Unrelated to your question, but it is my talk page: I came across the word "kenotaf" (cenotaph) yesterday; it's not in any online dictionary, but has an entry in Wikipedia. What is the etymology of that word, how common is it, and is it worth an entry? I did establish that it's a masculine noun. Donnanz (talk) 10:18, 15 June 2014 (UTC)

I forgot to look: it's entered under cenotaph. Donnanz (talk) 10:31, 15 June 2014 (UTC)

Your edit summary[edit]

"Please delete - replaced by fyrstedømme (correct spelling) Category:Candidates for speedy delection"

Candidates for fast food? :) —CodeCat 21:09, 22 June 2014 (UTC)

  • Hmm, yes indeed. I hope I've corrected it. It's an entry with a spelling error I want deleted, and I create one myself. Donnanz (talk) 21:14, 22 June 2014 (UTC)


Hi! I know that you also speak Danish, and speak Danish at a more fluent level than me, and are a more experienced editor here than me as well, so this is why I've come to you. For the entry bukser and some derived terms, the noun is plural only. I know we can just say { { head | da | noun }} for the header, and that is 100% okay. Well but for { { da-noun-infl | ------- } } it does not give a plural only table. I can make it so that it can give a singular only table, but the people who have worked on this template have not made a way to have a plural only table. Could you please, if I could ask a favor from you, help me resolve this problem so I can have this for our Danish definitions? Thank you very much. Regards, Rædi Stædi Yæti {-skriv til mig-} 04:14, 27 June 2014 (UTC)

  • Let's get one thing straight - I study Danish, I don't speak it.
  • There are two ways bukser can be used, as listed by Den Dansk Ordbog - bukser / bukserne (the usual usage), and what is described as "fagligt" (used in the trade) - buks / buksen / bukser / bukserne.
  • Personally I avoid templates when they don't give the result I prefer, and many templates have shortcomings. I also avoid using tables as I dislike them. In this case you could try { { head | da | noun | g=p | definite plural | bukserne } }, or maybe { { head | da | noun | plural only | definite plural | bukserne } } if you want it listed as Danish pluralia tantum as at present. Donnanz (talk) 08:00, 27 June 2014 (UTC)
I'm sorry, I was mistaken. I too study Danish, which is one thing we have in common. As a matter of fact, it is my main language of study.

Well anyway, so how are we going to word this in our Danish definitions? Rædi Stædi Yæti {-skriv til mig-} 21:28, 27 June 2014 (UTC)

Just try one (or both) methods I suggested. Preview your changes before saving, to see how it looks. Donnanz (talk) 21:46, 27 June 2014 (UTC)

Removing template[edit]

Why this edit? --Njardarlogar (talk) 14:58, 26 July 2014 (UTC)

That template wasn't working for two reasons, perhaps because it's an irregular noun. It wasn't registering as a lemma (Norwegian Nynorsk lemmas), and besides that clicking on an inflection didn't take you straight to the entry for the inflection. For those two reasons I rewrote it. The regular templates have been adapted for lemma purposes (nn-noun-n1 etc.), but not this one.

  • By the way, I have decided to leave Nynorsk verbs alone - too complex for me. Donnanz (talk) 15:23, 26 July 2014 (UTC)
I've added that functionality to the template now. Using specific templates makes it easier to
a) keep track of different classes and groups of words
b) update inflections whenever there are changes to entire classes at a time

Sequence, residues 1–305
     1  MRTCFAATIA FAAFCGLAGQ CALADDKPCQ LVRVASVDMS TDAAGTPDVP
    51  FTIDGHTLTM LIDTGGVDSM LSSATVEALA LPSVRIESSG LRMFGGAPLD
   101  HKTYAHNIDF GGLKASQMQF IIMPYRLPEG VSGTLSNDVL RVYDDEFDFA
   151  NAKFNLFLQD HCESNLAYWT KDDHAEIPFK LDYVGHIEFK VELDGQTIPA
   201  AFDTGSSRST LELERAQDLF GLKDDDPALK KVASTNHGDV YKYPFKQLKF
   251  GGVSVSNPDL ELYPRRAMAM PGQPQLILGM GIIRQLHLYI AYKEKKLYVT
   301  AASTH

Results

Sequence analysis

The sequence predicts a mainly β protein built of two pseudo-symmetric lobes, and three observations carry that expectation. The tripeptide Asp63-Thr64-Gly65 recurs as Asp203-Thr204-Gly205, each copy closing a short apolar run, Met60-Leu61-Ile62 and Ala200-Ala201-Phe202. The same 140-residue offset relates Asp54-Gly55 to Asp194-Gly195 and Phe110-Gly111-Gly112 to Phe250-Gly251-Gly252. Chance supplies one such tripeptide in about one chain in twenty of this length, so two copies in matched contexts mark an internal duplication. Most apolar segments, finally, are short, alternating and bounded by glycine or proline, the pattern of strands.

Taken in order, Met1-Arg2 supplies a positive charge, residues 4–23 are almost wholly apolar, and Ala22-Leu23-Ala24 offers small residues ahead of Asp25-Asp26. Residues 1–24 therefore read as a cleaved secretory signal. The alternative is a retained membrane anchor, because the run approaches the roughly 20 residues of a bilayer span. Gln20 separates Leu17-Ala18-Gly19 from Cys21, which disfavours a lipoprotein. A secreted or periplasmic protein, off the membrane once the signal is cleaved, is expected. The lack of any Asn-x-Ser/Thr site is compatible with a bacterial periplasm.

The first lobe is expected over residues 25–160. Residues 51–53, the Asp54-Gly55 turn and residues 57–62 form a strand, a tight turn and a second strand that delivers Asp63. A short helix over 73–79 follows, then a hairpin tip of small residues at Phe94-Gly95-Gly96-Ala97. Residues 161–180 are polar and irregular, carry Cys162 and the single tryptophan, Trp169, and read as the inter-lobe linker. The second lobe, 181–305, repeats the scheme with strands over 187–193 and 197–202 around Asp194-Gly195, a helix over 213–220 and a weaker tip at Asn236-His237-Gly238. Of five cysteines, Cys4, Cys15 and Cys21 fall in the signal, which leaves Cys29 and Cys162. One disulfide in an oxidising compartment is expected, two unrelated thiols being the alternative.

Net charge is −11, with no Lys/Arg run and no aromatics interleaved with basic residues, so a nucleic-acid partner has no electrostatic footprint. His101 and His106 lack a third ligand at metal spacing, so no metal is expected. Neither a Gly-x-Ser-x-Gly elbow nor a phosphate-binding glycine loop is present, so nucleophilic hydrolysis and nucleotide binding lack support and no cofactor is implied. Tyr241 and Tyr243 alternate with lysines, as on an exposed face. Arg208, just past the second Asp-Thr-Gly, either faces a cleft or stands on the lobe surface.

It can be tricky to make templates work with all possible exceptions; but for the most part, they are very simple to code.
By the way, what it is that you find complex about Nynorsk verbs? --Njardarlogar (talk) 20:11, 26 July 2014 (UTC)
  • Rewriting templates is beyond me, I'm afraid. When I mentioned the lack of an ABC index for Bokmål and Nynorsk files, I was coerced into adapting the Danish template, which is exactly the same, to nb and nn. It's not something I want to do every day.
    • Nynorsk verbs - I'm confused by the two different forms; ending in -a and -e. I notice you prefer to enter the -a form as the main entry, with the -e form as a supplementary entry. Anyway, I am quite content to leave nn verbs to you to enter.
    • I have just done entries for torden and tordenvær, but I am confused about whether plural forms are actually used. There are no equivalent Nynorsk entries to look at for guidance.
    • I wonder whether you could have a look at skyi; I suspect it's a Nynorsk side form, but I'm not sure. Donnanz (talk) 22:08, 26 July 2014 (UTC)
The -a vs. -e suffixes are comparable to the class of Bokmål verbs that may end in either -a or -et in past forms, only that in this case, it's the infinitive that has the variation. I chose -a for the main entries because that's the traditional ending (cf. Old Norse, Faroese and Icelandic (and Swedish as well)) and it's how my dialect is. I have never seen theses rule written anywhere, but I think it is correct to say that the following rules hold (you can always rely on the online dictionary in this case, I think):
  • All non-compound Nynorsk verbs with more than one syllable can end in both -a and -e in the infinitive.
  • No two-letter Nynorsk verb can end in both -a and -e
The countability of nouns is a bit tricky. I don't find that the online dictionary that I most commonly use is very trustworthy - it seems to have inflections included by default, and only some entries have had them removed where appropriate. Google searches usually provide some clues for whether they are countable or not. I'd say that tordenvær is countable, while torden is not. Yet you can probably find some instances where torden is used for individual instances of thunder and thus is countable (there are other words for that, though). --Njardarlogar (talk) 09:13, 27 July 2014 (UTC)
  • Thanks for dealing with skyi. I'm trying to clear some entries out of "Norwegian noun forms" etc., moving them to Bokmål and/or Nynorsk.